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Saphir Renovateur

post #1 of 37
Thread Starter 
Hello Everyone,

Just wanted to consult SF's knowledge base:

Stephen at Leffot highly recommended Saphir Renovateur cream as a leather cleaner/nourisher/moisturizer/enhancer.

I've used it on my new EGs, and on some olders shoes (ferries/C&J), it does seem to work quite well, in that it makes the leather look nice, and it actually polishes up quite well too.

He recommended polishing after using it with a beeswax based polish. Do you think this is necessary? (Does the moisturizer/cleaner need to be sealed in)

Also, the one downside I've identified is that it's smell is quite strong. It says it contains mink oil, and I recall reading somewhere that someone had a bad experience with it, but I can't remember the specifics, nor do I know whether it is a very prominent ingredient in Saphir.

How often do you doodz use something like this versus just regular polish/creme?

Spanks
post #2 of 37
Conditioner, then cream, then wax = good Don't do this every time though. Most polishing sessions, I simply add another coat of wax.
post #3 of 37
I have a ton of Saphir products. And I love to keep my shoes nice. But to be completely honest, I cannot tell the slightest bit of difference between what Renovateur and my Allen Edmonds conditioning creme does for my shoes. They seem to accomplish the same task, one does it for a great deal cheaper and is easier to find. YMMV.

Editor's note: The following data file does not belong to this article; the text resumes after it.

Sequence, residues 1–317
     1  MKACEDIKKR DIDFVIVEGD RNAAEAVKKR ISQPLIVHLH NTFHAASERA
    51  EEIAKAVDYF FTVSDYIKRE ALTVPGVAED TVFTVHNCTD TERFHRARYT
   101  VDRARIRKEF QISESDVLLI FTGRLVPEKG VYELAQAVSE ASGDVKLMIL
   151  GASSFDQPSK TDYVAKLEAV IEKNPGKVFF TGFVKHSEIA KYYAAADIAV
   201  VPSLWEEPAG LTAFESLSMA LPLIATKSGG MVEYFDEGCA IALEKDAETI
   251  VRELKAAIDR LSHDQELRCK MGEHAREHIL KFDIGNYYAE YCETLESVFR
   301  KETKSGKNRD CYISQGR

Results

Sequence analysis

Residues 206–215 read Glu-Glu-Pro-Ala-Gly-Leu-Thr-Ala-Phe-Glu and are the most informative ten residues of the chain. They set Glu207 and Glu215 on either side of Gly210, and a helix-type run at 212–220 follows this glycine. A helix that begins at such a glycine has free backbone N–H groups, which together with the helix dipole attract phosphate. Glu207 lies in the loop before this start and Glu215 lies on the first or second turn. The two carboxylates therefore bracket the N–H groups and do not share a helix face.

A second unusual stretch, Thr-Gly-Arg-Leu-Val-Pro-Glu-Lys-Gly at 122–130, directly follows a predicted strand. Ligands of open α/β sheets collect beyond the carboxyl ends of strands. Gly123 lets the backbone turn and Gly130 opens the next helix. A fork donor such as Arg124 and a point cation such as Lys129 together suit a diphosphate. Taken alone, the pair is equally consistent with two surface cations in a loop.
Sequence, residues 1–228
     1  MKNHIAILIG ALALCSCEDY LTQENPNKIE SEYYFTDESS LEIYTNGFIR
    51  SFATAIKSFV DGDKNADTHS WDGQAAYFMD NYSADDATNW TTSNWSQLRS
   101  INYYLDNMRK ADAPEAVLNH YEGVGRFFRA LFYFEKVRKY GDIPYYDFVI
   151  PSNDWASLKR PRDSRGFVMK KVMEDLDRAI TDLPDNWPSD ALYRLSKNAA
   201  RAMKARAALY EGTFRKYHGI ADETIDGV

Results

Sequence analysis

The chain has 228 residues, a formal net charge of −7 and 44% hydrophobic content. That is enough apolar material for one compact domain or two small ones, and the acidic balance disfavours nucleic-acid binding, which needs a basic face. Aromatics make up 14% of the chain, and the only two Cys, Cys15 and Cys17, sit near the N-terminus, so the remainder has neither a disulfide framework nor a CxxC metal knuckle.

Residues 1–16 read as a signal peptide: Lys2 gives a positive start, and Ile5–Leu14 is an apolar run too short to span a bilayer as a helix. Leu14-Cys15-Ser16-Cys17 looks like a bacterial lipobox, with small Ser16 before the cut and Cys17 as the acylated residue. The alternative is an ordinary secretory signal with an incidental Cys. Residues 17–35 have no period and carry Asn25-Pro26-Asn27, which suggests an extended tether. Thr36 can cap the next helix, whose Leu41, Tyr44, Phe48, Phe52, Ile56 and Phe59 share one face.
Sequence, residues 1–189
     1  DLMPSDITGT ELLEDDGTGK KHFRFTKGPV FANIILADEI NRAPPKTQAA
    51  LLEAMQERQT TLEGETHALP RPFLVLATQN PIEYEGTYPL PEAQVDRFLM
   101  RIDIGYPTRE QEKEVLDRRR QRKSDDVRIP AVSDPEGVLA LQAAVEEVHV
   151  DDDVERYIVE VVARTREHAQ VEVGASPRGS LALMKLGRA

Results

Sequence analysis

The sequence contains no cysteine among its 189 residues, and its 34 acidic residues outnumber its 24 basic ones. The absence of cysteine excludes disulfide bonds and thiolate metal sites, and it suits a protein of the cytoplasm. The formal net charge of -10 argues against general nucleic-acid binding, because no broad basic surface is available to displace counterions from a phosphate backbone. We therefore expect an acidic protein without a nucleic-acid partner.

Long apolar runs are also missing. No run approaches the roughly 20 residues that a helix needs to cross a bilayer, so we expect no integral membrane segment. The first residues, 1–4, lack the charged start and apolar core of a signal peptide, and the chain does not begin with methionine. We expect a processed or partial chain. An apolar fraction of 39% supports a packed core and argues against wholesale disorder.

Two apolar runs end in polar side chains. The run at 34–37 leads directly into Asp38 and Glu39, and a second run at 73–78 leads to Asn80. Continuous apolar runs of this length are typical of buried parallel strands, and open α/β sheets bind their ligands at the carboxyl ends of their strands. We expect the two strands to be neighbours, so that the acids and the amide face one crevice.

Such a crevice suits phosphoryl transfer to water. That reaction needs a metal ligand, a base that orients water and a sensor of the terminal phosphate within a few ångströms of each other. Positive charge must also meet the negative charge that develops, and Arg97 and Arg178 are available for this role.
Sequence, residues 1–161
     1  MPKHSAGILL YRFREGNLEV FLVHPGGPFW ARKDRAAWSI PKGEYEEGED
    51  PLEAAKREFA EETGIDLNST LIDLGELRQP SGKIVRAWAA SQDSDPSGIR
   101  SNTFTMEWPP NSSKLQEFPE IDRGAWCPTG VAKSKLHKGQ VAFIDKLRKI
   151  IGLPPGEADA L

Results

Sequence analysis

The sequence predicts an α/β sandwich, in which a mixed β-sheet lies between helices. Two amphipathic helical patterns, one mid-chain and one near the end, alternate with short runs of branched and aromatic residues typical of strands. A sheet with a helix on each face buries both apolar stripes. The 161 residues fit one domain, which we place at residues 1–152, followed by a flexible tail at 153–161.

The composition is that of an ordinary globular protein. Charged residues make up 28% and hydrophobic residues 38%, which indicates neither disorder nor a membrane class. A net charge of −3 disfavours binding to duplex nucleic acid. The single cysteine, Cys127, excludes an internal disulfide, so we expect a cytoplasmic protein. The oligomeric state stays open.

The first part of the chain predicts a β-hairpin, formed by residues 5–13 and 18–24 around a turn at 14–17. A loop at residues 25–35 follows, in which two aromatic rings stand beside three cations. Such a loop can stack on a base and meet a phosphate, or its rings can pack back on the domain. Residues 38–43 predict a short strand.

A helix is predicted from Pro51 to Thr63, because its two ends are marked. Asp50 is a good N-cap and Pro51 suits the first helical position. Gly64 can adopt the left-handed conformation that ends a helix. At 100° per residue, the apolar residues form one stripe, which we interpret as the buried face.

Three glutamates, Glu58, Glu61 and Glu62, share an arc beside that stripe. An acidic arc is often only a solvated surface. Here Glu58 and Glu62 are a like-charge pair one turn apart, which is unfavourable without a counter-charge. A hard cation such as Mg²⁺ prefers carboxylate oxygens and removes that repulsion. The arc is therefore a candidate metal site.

I have Crema Nubiana as well, wanting to try that out and see what it does. Again, honestly, can't tell or see any noticeable difference before or after using either of these products.

That being said, their waxes are the finest, and by far, the best looking waxes I have ever used on my shoes, and I will continue to use them.
post #4 of 37
Thread Starter 
Thanks. I have a C&J dark brown wax, but I think I might get a redder Saphir wax for my EG dark oak antiques.
post #5 of 37
I skip the conditioner products and just use 100% unscented petroleum jelly generic store brand. it costs a few bucks for a container, and lasts forever. Keeps the leather nice and supple, i apply a little, then rub it in/rub off any extra.

don't see any ill effects on my shoes
post #6 of 37
I presume your shoes are also from generic store brand.
post #7 of 37
cheapest places to buy wax in Paris?
post #8 of 37
Quote:
Originally Posted by archetypal_yuppie View Post
Hello Everyone,

Just wanted to consult SF's knowledge base:

Stephen at Leffot highly recommended Saphir Renovateur cream as a leather cleaner/nourisher/moisturizer/enhancer.

I've used it on my new EGs, and on some olders shoes (ferries/C&J), it does seem to work quite well, in that it makes the leather look nice, and it actually polishes up quite well too.

He recommended polishing after using it with a beeswax based polish. Do you think this is necessary? (Does the moisturizer/cleaner need to be sealed in)

Also, the one downside I've identified is that it's smell is quite strong. It says it contains mink oil, and I recall reading somewhere that someone had a bad experience with it, but I can't remember the specifics, nor do I know whether it is a very prominent ingredient in Saphir.